Rebuilding society through art

EYES WIDE OPEN - Iris Gonzales - The Philippine Star

Throughout history, art has always played a role in people’s lives, especially after a wreckage, a war or a crisis.

Art was often a response to war, to document the horrors of modern warfare and its aftermath, as we saw in Europe when art flourished after World War I. Some works were born in reaction to the carnage, including avant-garde experimentation; others simply documented the times through the traditional, classic approach.

And then there’s post-war rebuilding and reconstruction using art.

We’ve read stories from The Guardian, for instance, of how in postwar Warsaw in 1945, residents turned to the paintings of Venetian painter Bernardo Bellotto, who created paintings of Warsaw’s buildings and squares some 200 years earlier, as a guide to help transform the city from the wreckage and rubble.

It was no different in the Philippines after World War II – there was a lot of reconstruction and rebuilding through art and architecture to bring people’s lives back to normal.

“The Philippines was flattened during the war. We lost museums, etc.,” Jaime Ponce de Leon, director of Leon Gallery, tells me in a recent chat.

Fast forward to 2023, and here we are two years after the global health pandemic that upended our lives.

COVID-19 wasn’t about bombs falling on our homes or cities, which we could run away from. It was more than that. It was a virulent invisible virus that was always chasing us, destroying so many parts of our lives and our society.

Now, two years later, people are again turning to art, perhaps as a way to sort of rebuild lives or to remember what was lost and what remains.

A record-smashing art auction

This is perhaps the reason why Leon Gallery broke records with its recent Asian Cultural Council Auction held in partnership with the Asian Cultural Council (ACC) Philippines Foundation Inc.

Held last Feb. 18, it was Leon Gallery’s first main auction of the year and it saw the return of some of the biggest collectors in the Philippines.

In a span of just a few hours, multimillion-peso art pieces changed hands.

Jaime attributes this stronger desire for art to a rebuilding of sorts after the pandemic, with a lot of collectors seeking to expand or complete their respective collections after COVID-19.

Or perhaps, buyers and collectors simply turned to art again as a reminder of the good life that seemed elusive during the last two years.

What is clear, says Jaime, is that Philippine society now has more serious collectors and art enthusiasts who are more willing than ever to spend on art.

Maybe it’s because of all that unspent money during the pandemic.

“The auction was a clear indication that there’s very strong appreciation for quality art. It also tells you that buyers are discerning now. They know what they are buying,” says Jaime, beaming with pride.

For instance, Jose Joya’s 1979 work, Love Rite, from the collection of businesswoman Alice Eduardo of Sta. Elena Construction and Development Corp. came in at P59.6 million, doubling its starting price of P24 million.

And then there’’s the ‘Queen of Philippine Auctions,’ Anita Magsaysay-Ho, who made a grand comeback with her 1957 Philippine Art Gallery (PAG) painting titled Fruit Market, which clocked in at a titanic, record-breaking price of P86.4 million, quadrupling its starting price of P22 million.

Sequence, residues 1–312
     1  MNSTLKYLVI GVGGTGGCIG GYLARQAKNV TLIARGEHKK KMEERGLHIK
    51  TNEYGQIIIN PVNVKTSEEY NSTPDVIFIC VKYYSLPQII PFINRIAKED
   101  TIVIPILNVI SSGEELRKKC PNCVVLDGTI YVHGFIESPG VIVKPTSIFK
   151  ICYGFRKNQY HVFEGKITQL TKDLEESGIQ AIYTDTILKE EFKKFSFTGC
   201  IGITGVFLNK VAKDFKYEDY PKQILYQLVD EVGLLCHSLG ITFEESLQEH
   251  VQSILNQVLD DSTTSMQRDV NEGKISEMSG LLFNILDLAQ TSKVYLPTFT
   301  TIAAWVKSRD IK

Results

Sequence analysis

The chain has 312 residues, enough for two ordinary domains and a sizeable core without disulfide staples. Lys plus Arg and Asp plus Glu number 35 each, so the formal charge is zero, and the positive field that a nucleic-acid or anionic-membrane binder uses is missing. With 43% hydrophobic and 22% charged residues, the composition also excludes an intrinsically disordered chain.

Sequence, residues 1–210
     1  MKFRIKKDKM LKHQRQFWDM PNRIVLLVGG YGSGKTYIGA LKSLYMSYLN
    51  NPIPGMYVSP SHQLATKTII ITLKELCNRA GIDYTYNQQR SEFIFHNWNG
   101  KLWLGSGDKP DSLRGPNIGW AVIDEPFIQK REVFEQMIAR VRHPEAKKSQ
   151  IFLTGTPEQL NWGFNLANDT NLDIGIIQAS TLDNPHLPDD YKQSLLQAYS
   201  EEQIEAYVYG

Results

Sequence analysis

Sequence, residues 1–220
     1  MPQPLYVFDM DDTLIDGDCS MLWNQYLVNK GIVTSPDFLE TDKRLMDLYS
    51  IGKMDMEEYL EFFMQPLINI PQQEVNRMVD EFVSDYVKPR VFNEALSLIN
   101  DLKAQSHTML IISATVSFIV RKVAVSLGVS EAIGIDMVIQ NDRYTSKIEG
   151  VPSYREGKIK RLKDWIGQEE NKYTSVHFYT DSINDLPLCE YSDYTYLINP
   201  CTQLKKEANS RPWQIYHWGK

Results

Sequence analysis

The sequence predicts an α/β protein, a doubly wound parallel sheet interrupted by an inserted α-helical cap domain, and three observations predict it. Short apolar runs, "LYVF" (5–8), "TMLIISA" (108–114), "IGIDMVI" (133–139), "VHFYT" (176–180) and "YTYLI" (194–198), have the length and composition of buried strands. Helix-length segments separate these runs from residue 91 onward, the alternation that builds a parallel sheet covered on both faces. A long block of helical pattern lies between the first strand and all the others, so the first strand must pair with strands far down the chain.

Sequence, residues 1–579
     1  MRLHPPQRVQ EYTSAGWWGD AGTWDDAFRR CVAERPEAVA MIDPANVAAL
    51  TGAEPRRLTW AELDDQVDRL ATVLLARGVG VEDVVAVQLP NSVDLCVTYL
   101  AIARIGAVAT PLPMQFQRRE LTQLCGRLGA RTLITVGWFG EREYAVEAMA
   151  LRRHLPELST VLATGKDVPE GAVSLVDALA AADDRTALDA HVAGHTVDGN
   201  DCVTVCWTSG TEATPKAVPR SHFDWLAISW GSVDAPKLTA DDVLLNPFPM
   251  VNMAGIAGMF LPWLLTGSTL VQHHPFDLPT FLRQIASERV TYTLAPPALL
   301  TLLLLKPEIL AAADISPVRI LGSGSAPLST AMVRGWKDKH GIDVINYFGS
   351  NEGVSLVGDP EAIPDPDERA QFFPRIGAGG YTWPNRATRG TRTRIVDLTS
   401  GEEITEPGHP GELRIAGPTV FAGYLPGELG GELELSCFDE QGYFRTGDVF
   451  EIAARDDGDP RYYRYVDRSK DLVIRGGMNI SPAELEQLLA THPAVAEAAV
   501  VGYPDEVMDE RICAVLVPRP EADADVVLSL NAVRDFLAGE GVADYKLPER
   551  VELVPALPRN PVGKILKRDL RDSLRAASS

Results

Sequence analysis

Elmer Borlongan’s poignant work titled Moving Forward (Pasulong) set a new stellar record for a work by the artist, hitting the P14-million mark. It was a fitting celebration for Borlongan, who had just returned to the country from his debut Parisian show in November last year, says Jaime.

ACC Philippines president Maribel Ongpin described the auction as “mind-blowing,” noting that it benefitted more grantees than expected.

“We would like to thank the Leon Gallery for this year’s exciting and mind-blowing auction, which will benefit more ACC grantees than usual,” says Ongpin.

Since its foundation in 1963, over 300 Filipino artists have been given fellowship grants that enabled them to expand their creative horizons and benefit from their exposure to numerous cultures.

Particularly, since the Leon Gallery and ACC Philippines’ partnership began in 2015, which went on to become an opening salvo for the new year, 41 Filipino artists have been sent on grants abroad.

ArtFair Philippines

And then there’s the highly-successful Art Fair Philippines 2023.

The Ayala-backed art fair returned to The Link Carpark in Makati last month after two years of being held virtually, just in time to celebrate a decade of staging the event.

I was there the whole time and I saw just how huge the crowd was. It seemed that everyone was hungry to see some serious art after two years of uncertainty.

Art Fair Philippines founders Dindin Araneta, Lisa Ongpin-Periquet and Trickie Lopa have reasons to pop the champagne for a successful show.

To me, the success of ArtFair Philippines comes from the fact that it gave Filipino artists the platform to showcase their work. Many of our artists practically lost their means of living when the pandemic hit.

Moving forward, I hope to see more Filipinos create, see and appreciate more art; that art would help make society more inclusive and that it doesn’t add to this country’s stark income inequality.

Art, as we all know, has the power to unlock higher forms of thinking, to educate people and to free our minds. I’d like to see more of that – for art, our artists and the local art scene to help rebuild our society after the pandemic, reconnect us to each other and remind us of what needs to be done.

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Email: [email protected]. Follow her on Twitter @eyesgonzales. Column archives at EyesWideOpen on FB.

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